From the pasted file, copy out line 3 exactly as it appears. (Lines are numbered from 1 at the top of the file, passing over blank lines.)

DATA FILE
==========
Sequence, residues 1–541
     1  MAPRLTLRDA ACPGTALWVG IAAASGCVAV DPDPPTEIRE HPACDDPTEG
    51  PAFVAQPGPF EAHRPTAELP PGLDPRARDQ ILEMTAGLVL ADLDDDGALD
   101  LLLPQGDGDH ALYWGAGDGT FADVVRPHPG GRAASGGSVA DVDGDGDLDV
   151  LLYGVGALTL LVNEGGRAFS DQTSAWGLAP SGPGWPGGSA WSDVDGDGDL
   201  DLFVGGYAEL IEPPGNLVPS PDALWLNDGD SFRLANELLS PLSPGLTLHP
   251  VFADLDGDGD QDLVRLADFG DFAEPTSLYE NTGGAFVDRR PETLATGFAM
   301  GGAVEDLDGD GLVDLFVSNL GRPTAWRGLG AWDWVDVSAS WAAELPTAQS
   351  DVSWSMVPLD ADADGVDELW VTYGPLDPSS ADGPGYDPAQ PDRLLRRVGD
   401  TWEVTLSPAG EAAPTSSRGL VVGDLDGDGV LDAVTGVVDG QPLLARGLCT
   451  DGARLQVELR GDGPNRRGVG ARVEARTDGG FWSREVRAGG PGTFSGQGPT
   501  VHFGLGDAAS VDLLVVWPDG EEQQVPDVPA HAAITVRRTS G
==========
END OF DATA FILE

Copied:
    51  PAFVAQPGPF EAHRPTAELP PGLDPRARDQ ILEMTAGLVL ADLDDDGALD